They were cheap and available: prisoners as research subjects in twentieth century America

BMJ 1997; 315 doi: http://dx.doi.org/10.1136/bmj.315.7120.1437 (Published 29 November 1997)
Cite this as: BMJ 1997;315:1437

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  1. Allen M Hornblum, instructora
  1. a Department of Urban Studies, Temple University, Philadelphia, PA 19122-2585, USA
  1. Correspondence to: 7100 Bustleton Ave, Philadelphia, PA 19149, USA
  • Accepted 9 October 1997

Introduction

On 20 August 1947 Gerhard Rose, one of Germany's most respected physicians, stood in the prisoner's dock at the Palace of Justice in Nuremberg, Germany, awaiting his sentence for “murders, tortures, and other atrocities committed in the name of medical science.” Dr Rose, the department head for tropical medicine of the Robert Koch Institute, was on trial along with 22 of his medical colleagues, for perpetrating “ghastly” and “hideous” experiments on concentration camp prisoners during the war.1

At one point in the trial when the chief prosecution witness, Dr Andrew C Ivy of the medical school of the University of Illinois, underscored the basic principle “that human experimental subjects must be volunteers,” Dr Rose and his defence counsel vigorously objected, arguing that the United States was guilty of similar medical practices and giving several examples to support this contention.1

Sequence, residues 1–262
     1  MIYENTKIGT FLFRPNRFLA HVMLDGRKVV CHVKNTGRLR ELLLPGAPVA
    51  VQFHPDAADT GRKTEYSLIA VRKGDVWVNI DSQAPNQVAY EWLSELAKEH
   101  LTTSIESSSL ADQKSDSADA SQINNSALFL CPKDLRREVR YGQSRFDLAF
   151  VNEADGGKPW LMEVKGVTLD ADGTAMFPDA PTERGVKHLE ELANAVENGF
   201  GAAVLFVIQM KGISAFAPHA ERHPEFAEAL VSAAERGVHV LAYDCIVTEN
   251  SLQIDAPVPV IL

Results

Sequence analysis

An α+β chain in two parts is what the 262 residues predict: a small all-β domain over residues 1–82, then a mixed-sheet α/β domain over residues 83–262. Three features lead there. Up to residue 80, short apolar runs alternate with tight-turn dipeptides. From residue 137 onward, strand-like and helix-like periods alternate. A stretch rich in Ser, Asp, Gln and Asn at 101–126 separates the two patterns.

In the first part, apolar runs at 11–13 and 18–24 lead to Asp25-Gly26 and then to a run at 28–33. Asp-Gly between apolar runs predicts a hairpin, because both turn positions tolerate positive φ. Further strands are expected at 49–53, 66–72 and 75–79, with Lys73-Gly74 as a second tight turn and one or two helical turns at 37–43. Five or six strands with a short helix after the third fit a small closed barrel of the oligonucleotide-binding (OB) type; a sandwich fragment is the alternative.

Early experiments on prisoners in US

The Nazi doctor's first example of American complicity concerned the medical experiments of Dr Richard P Strong, who performed a series of studies in 1906 with “cholera virus upon inmates of the Bilibid Prison in Manila.” The Philippine Islands experiment on prisoners already sentenced to death resulted in 13 fatalities and was eventually attributed to a bottle of bubonic plague serum having been substituted mistakenly for a bottle of cholera serum.2 3 4 5 Strong, who later became professor of tropical medicine at Harvard University, was not deterred by the error and continued experiments on Philippine prisoners. His beriberi experiments six years later also resulted in death, but survivors were compensated with cigars and cigarettes.

Another German physician on trial for his life at Nuremberg, Dr Georg August Weltz, the chief of the Institute for Aviation Medicine in Munich, offered the name of another American doctor who used prisoners on behalf of medical science. Dr Joseph Goldberger, a …

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